PARIS, France — Kylian Mbappé celebrated with fans at Parc des Princes after signing a new three-year contract with Paris Saint-Germain on Saturday and turning down the chance again to join Real Madrid.
France’s World Cup-winning star stood on a platform near the center circle to address fans moments before PSG's final home game against Metz.
“I’m very happy to continue this adventure, to stay in France, in Paris, my city. I always said Paris was my home," Mbappe said. "I hope I will continue doing what I love the most, which is to carry on playing football and winning trophies.”
Mbappe then held up a PSG jersey with 2025 written on it as he stood alongside president Nasser Al-Khelaifi, who had just announced the new deal.
“I have some very good news to give you. Kylian Mbappe is going to stay until 2025,” said Al-Khelaifi, barely heard as fans chanted Mbappe's name over and over. “Kylian’s commitment to PSG represents an amazing milestone in the history of our club."
The PSG contract of one of soccer’s most coveted players was expiring in June, and Mbappé would have been available on a free transfer.
But instead of joining 13-time European champion Madrid, which has chased him for so long, Mbappé decided to stay to try to deliver PSG its first Champions League title.
Madrid managed to beat PSG in the Champions League this season but not in the transfer market once again.
The Spanish giant’s failure to sign Mbappé was a significant blow for its president, Florentino Pérez, who has been trying to get the transfer over the line for a year.
PSG turned down Madrid's official bid of 180 million euros ($190 million) — the same amount it signed Mbappé for from Monaco in 2017 — and even another reported amount of 200 million euros ($211 million) was not enough to sell its star despite him having only a year remaining on his contract. Mbappé said he wanted to leave at the end of last season but only on the right terms for PSG.
The wealth of the club’s Qatar sovereign wealth fund ownership linked to the emir allows PSG to resist bids that could be irresistible to other clubs without state funding.
The non-transfer reflects the shifting power dynamics in European football. Pérez was one of the architects of the European Super League breakaway from the UEFA Champions League that imploded within 48 hours in April 2021.
PSG opted out of joining the 12 Super League founders, allowing its president, Al-Khelaifi, to gain one of the most powerful roles in the game as head of the European Club Association.
Pérez is still pursuing his Super League dream in conflict with UEFA.
Meanwhile, Spanish league president Javier Tebas was irate.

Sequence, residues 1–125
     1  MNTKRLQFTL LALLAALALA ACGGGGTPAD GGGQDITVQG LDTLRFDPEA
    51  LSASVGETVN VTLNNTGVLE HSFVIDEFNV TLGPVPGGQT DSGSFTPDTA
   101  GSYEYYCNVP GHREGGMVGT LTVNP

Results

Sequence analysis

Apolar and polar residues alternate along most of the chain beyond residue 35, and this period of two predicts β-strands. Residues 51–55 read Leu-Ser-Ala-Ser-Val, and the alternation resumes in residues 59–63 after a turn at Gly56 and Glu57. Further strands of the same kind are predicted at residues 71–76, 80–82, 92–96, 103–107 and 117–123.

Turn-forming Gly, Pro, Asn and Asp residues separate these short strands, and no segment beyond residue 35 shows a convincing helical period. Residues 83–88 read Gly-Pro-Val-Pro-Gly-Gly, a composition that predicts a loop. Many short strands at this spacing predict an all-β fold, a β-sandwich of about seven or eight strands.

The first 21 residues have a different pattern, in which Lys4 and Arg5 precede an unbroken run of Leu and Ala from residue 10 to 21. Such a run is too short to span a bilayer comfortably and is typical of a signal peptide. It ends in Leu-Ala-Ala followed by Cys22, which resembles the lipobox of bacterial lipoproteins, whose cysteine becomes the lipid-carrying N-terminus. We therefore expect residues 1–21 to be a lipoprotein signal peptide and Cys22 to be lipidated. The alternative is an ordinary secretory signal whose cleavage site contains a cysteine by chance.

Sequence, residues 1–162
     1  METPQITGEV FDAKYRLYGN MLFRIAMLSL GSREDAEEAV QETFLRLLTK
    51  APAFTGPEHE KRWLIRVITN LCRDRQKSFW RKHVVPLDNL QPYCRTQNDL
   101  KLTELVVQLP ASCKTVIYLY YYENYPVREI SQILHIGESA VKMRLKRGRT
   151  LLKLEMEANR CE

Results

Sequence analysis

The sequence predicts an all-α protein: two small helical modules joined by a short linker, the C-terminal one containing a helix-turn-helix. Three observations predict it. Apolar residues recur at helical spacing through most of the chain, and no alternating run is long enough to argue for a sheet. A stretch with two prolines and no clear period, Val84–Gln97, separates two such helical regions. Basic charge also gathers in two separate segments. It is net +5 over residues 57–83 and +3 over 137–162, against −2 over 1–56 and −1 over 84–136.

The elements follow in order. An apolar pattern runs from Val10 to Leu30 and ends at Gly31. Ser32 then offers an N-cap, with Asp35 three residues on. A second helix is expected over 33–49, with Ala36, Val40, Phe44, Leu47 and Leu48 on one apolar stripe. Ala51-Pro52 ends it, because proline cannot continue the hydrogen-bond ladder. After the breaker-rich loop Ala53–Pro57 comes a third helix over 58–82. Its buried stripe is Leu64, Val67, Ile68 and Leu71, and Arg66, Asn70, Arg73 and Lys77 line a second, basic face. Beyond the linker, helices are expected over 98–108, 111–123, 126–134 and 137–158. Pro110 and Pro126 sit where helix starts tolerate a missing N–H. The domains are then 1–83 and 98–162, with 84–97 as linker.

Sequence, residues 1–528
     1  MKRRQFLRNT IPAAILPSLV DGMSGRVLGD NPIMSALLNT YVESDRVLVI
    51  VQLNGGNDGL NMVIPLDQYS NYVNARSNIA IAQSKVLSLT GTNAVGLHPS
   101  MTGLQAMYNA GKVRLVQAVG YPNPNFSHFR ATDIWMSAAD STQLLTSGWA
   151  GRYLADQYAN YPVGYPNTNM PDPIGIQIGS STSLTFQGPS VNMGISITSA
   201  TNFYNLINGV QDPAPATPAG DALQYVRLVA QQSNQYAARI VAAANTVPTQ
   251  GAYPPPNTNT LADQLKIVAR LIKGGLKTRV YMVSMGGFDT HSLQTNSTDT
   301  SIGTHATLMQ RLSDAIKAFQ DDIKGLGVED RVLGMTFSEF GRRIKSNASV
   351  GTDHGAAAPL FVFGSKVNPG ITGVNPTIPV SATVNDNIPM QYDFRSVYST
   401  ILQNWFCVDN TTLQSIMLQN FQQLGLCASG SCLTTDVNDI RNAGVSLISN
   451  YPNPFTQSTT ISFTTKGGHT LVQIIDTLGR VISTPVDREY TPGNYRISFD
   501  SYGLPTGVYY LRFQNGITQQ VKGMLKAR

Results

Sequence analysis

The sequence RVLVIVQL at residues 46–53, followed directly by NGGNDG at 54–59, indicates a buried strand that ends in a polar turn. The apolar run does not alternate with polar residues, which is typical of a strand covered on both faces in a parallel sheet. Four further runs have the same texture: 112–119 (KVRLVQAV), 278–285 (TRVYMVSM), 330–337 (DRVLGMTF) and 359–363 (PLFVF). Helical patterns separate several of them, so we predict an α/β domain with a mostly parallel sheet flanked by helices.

“It is an INSULT to soccer that PSG is going to renew Mbappé with huge quantities of money (who knows from where and how they will pay them) after losses of 700 million euros in recent seasons and more than 600 million euros in salaries," he wrote on Twitter. "Al-Khelafi is as dangerous as the Super League.”
Mbappé, who starred for France at the 2018 World Cup, would have been a statement signing for Pérez — especially if he had lured Mbappé away from a team that emerged as a rival only in the last decade through its Qatari funding.
But the energy expended in pursuing the transfer, and optimism from Madrid, which is chasing its record-extending 14th European Cup win when it meets Liverpool in next Saturday’s Champions League final in Paris, has come to nothing.
When Mbappé won the league’s best player award for the third time last Sunday, he said his mind was basically made up but didn’t say which way.
The tension between the clubs was evident when PSG was knocked out of the Champions League in the round of 16 by Madrid in March — despite leading 2-0 overall with two Mbappé goals — and Al-Khelaifi remained under UEFA investigation for allegedly confronting match officials after the loss.
Madrid is being thwarted yet again, having tried to sign Mbappé after he left Monaco in 2017 — and even before that.
He visited Madrid’s facilities at age 14, and was greeted by France great Zinedine Zidane, but he instead chose to launch his stellar career at Monaco.
Mbappé’s first professional goal came at the age of 17 years, 62 days, which beat the Monaco club record held by Thierry Henry.
Henry is France’s record scorer with 51. Mbappé is already on 26 and may well overtake him as a PSG player.
He is PSG’s second-highest scorer with 168 and could surpass Edinson Cavani’s record of 200 next season.
He was looking to add to his league-leading tally of 25 later Saturday in the season-ending home game against struggling Metz alongside teammates Lionel Messi and Neymar.
The glittering attacking trio, which hasn't clicked as expected this season, will play together again next season.
However, Mbappé misses out on the chance to play alongside France teammate Karim Benzema for Madrid in what would have been a devastating partnership and the envy of Europe. Over the past year they have been prolific together for Les Bleus and both netted when France won the Nations League final.
Another one of the world’s coveted young forwards is Erling Haaland, who is leaving Borussia Dortmund for English powerhouse Manchester City.